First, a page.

Mythical Monsters: The Näcken

Poor old fellow, why do you play? Will it take the pain away?


Where by the marishes boometh the bittern,

Näcken the soulless one sits with his ghittern.

Sits inconsolable, friendless and foeless.

Waiting his destiny– Näcken the soulless

— Sebastian Evans, 19th century poet

In the frigid waters of Scandinavia, the lonely Näcken cradles his fiddle, serenading the stars with the song of his anguish. Forbidden to leave the river’s grasp, he can only materialize beneath the spray of a waterfall, though he rarely chooses to do so anymore. The soft rustle of the trees, the bright gaze of the moon, the distant echo of a kulning call— they are all bitter reminders of a life he will never have, such simple pleasures denied to him forever. Claimed by none and spurned by all, the wretched Näcken shies away from any and all contact with other beings, scared of being flayed alive by their harsh words once again. He is depravedly and utterly alone, and though his heart cries out for companionship, at least he is safe from iron-barbed betrayal.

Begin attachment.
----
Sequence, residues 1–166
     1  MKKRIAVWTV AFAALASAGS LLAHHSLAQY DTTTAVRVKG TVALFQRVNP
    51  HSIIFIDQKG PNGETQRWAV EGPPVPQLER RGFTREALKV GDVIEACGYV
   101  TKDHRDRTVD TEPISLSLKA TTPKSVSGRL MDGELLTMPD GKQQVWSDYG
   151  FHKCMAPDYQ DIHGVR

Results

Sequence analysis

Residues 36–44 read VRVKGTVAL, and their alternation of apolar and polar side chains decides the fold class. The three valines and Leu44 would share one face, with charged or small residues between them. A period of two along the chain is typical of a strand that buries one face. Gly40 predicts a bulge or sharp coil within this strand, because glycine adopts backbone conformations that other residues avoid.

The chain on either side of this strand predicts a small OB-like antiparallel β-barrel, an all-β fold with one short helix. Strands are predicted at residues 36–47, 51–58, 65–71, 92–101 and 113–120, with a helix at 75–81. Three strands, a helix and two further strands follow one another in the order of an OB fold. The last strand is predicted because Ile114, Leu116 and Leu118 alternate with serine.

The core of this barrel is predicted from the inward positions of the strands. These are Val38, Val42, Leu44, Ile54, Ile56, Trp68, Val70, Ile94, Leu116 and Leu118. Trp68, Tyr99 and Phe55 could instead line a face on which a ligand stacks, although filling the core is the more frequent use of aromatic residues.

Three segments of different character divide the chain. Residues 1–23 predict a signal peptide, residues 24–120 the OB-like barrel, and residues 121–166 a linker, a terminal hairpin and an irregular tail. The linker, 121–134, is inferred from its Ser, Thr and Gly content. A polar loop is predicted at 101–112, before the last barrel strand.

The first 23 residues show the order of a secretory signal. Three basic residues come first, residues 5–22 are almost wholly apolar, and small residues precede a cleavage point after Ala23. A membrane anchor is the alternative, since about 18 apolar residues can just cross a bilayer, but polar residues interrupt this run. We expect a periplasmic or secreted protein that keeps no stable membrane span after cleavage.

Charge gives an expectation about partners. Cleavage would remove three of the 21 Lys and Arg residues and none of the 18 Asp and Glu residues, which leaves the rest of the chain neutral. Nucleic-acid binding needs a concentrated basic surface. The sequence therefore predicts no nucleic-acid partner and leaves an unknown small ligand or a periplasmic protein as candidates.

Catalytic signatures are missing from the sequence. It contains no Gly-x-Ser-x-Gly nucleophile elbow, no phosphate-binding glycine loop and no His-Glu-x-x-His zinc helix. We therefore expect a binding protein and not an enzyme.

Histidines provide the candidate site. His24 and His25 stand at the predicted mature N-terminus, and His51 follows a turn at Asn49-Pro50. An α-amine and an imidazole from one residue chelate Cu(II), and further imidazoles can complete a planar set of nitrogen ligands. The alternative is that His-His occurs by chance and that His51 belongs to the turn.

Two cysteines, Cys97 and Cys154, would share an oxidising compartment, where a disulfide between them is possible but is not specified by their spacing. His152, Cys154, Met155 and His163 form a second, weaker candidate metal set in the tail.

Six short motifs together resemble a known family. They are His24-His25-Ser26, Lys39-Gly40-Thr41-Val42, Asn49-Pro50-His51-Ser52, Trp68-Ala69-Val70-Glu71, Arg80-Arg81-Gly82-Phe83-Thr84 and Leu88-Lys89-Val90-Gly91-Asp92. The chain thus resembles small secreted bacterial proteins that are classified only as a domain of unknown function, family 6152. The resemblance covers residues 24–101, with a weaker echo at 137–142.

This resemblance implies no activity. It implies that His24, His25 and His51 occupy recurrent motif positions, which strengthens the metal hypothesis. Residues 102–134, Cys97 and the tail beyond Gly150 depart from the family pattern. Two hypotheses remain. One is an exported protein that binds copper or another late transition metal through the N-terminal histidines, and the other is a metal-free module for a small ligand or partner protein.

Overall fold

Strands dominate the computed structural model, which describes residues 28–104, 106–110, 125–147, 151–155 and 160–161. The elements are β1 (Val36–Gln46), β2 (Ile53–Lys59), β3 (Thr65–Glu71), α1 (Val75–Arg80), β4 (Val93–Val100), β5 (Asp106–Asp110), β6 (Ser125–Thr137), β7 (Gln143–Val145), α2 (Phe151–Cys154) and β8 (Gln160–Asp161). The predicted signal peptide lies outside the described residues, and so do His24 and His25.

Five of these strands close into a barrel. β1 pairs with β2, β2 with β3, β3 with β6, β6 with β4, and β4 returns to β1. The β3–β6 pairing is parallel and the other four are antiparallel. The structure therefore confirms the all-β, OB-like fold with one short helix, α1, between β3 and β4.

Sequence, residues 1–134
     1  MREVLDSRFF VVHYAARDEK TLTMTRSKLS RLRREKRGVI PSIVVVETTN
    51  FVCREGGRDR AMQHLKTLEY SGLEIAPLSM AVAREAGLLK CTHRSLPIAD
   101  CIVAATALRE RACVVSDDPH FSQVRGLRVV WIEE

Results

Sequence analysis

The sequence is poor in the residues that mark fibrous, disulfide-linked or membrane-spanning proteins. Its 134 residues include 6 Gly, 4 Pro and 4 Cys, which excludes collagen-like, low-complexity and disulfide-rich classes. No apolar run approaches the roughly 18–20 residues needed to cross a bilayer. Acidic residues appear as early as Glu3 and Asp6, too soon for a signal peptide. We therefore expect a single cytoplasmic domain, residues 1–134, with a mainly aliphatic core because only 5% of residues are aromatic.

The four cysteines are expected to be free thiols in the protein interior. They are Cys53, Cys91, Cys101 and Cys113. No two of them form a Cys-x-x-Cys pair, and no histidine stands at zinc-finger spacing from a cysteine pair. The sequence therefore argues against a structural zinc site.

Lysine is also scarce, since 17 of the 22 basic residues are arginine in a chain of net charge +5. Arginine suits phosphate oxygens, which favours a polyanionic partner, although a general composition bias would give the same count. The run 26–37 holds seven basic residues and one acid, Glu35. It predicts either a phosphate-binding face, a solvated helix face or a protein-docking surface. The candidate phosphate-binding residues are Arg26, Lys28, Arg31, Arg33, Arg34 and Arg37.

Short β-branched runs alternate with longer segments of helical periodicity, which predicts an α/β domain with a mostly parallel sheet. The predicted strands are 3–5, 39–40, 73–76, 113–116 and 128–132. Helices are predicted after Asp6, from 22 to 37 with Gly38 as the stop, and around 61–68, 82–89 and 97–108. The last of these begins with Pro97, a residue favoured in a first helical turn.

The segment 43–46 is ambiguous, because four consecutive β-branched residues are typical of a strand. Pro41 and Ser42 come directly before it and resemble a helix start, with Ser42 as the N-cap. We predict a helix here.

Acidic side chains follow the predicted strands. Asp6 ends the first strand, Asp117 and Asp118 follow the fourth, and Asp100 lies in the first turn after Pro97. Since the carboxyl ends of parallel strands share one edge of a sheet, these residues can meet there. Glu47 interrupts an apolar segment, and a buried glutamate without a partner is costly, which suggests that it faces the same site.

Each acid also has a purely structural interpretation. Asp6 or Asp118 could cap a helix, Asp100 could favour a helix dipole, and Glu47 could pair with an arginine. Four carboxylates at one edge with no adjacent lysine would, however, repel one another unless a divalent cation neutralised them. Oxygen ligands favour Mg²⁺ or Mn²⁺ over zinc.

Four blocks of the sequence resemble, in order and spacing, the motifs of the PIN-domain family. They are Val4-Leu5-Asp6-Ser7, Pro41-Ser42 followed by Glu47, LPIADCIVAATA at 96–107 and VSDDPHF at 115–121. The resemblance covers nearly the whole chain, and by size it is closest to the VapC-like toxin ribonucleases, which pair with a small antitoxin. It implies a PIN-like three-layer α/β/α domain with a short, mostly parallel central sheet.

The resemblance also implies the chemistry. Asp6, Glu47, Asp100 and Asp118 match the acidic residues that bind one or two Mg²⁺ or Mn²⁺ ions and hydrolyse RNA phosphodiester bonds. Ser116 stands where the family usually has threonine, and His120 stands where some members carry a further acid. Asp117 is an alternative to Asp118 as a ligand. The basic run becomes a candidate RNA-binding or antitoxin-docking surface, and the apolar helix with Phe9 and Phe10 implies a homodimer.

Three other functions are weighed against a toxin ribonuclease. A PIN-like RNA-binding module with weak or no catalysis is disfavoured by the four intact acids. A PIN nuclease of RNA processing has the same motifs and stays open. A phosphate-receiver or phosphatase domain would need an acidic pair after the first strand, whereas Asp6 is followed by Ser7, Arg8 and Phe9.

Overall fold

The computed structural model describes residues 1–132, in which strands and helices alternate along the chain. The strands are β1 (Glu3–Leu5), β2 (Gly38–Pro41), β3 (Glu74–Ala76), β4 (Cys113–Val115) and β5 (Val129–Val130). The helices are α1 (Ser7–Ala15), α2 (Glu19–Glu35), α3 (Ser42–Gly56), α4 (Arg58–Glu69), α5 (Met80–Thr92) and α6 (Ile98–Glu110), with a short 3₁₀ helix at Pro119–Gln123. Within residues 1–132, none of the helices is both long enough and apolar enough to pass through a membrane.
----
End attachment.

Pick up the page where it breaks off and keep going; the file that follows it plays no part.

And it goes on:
It was not always this way. Once, the Näcken delighted in what little contact he had with the outside world, inviting people from far and wide to come and hear him play. His music was legendary, unlike anything human hands could produce; the rushing river would stand still to listen, the very trees uprooting themselves to dance along. When the Näcken gave a performance, it was common to see all manner of folk crowding the riverbank. If tears were shed over the slower songs, they would not be counted against manhood; after all, who could resist the Näcken’s charms? It was a joyous display of rare friendship between the natural and supernatural– but of course, it couldn’t last.